The Overland Campaign Analysis

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The Overland Campaign was a decisive moment in the Civil War: it was a strategic victory for the Union, but consisted of heavy losses on both sides. In just 40 days, the Union lost 55,000 men. The Confederates lost 36,000 men, but with an army roughly half of the Union’s to begin with, their losses were proportionally much greater. The final battle of the campaign, Cold Harbor, led to extremely high losses on both sides, but was a defensive victory for Lee. Anti-war sentiments grew in the North and Grant was labeled “the butcher.” Despite the high losses, Grant knew this is what had to happen in order to achieve the North’s strategic objectives in the war. Grant said, “My object in war was to exhaust Lee’s army. I was obliged to sacrifice men…show more content…
On that day, he took control of the Union troops and developed a strategy to finally defeat the Confederates and save the Union. Grant’s strategy was to destroy the South’s resources and men, and their will to continue fighting. He was an experienced military leader, and was trusted by the public and his troops. Once Grant was promoted to Lieutenant General by Lincoln, the next steps were entirely up to Grant. Lincoln had great trust in Grant to achieve the Union’s goals. Lincoln allowed Grant to operate with little civilian oversight, and knew that Grant’s strategy in war was the means for reaching their political…show more content…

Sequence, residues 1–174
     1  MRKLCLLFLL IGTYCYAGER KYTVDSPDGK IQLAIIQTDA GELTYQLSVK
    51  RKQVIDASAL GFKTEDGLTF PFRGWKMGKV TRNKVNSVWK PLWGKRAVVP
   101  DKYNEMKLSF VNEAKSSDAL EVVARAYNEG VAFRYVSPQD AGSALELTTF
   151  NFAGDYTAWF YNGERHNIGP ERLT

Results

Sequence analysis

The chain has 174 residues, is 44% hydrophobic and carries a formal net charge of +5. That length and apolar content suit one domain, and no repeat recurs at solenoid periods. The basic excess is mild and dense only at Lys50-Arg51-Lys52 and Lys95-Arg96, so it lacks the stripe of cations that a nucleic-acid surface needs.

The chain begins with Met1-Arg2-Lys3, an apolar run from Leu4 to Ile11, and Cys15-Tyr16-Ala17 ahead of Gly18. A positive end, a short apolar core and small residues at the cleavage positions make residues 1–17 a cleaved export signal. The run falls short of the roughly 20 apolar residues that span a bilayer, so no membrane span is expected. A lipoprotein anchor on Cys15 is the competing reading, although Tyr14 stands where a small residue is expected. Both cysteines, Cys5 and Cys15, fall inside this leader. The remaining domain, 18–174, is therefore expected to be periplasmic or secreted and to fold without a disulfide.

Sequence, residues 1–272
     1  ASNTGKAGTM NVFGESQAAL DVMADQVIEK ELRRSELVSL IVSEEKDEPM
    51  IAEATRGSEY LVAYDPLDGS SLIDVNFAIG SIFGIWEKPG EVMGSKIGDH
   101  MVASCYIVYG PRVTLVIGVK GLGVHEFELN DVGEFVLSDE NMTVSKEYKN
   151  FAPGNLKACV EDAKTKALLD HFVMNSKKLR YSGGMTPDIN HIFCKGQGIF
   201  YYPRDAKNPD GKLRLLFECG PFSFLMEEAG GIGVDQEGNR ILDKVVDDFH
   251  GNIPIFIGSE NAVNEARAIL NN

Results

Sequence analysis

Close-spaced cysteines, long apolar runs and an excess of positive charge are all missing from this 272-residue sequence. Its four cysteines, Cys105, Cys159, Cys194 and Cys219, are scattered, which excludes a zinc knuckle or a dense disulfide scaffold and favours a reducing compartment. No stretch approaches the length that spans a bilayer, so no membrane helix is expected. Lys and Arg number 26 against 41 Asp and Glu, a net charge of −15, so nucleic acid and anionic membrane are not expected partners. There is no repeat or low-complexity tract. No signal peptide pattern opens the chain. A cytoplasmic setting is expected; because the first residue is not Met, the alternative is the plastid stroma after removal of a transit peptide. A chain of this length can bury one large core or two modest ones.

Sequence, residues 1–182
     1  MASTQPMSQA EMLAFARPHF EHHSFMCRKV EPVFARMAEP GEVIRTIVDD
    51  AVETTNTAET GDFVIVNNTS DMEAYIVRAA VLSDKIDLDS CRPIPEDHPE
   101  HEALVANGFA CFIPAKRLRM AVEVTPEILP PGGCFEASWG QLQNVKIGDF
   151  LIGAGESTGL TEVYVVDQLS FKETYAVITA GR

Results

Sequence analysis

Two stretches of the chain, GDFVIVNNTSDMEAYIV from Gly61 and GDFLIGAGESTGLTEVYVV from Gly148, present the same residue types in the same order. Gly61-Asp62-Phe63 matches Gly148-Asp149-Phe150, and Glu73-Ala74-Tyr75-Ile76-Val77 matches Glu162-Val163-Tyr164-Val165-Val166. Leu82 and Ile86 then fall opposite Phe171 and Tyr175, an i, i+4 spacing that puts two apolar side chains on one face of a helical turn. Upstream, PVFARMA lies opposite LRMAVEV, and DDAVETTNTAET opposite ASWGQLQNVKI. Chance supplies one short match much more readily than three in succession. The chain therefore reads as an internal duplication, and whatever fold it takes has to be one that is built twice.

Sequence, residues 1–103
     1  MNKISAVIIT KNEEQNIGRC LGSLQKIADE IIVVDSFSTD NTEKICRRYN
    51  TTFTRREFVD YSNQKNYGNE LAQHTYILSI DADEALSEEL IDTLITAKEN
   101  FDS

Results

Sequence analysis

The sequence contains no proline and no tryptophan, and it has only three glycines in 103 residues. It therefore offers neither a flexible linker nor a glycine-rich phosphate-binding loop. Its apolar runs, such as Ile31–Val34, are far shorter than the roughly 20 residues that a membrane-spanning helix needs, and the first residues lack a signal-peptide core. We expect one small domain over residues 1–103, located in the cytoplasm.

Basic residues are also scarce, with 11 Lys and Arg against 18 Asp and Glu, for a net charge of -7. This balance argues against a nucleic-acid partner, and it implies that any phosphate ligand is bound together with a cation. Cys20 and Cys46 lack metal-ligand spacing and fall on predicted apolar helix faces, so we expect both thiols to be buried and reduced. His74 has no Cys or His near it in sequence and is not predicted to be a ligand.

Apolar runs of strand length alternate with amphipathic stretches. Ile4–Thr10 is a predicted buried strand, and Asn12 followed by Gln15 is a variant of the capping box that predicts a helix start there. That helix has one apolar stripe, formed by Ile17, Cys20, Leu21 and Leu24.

A long succession of mishaps in this battle confirmed the exhaustion and frustration plaguing both the Union commanders and their troops. The Union lost almost 6000 men in just an hour, compared to fewer than 1500 Confederates. Both sides again used trenches and earthworks for their protection, but it was ultimately a defensive victory for the South. Grant regretted this battle: "I have always regretted that the last assault at Cold Harbor was ever made...No advantage whatever was gained to compensate for the heavy loss we sustained.” It signified the end of the Overland Campaign, but Grant shifted the focus of his operations to a new campaign - the Siege of Petersburg. The end of Cold Harbor is when the anti-war sentiments grew in the North and Grant received the unfavorable nickname of “the Butcher.” However, the campaign as a whole served Grant’s purposes and he was able to move forward with the Siege of Petersburg. The South was exhausted and Lee was forced to desperately defend Richmond and Petersburg in the next series of battles, where the Confederates ultimately surrendered about a year
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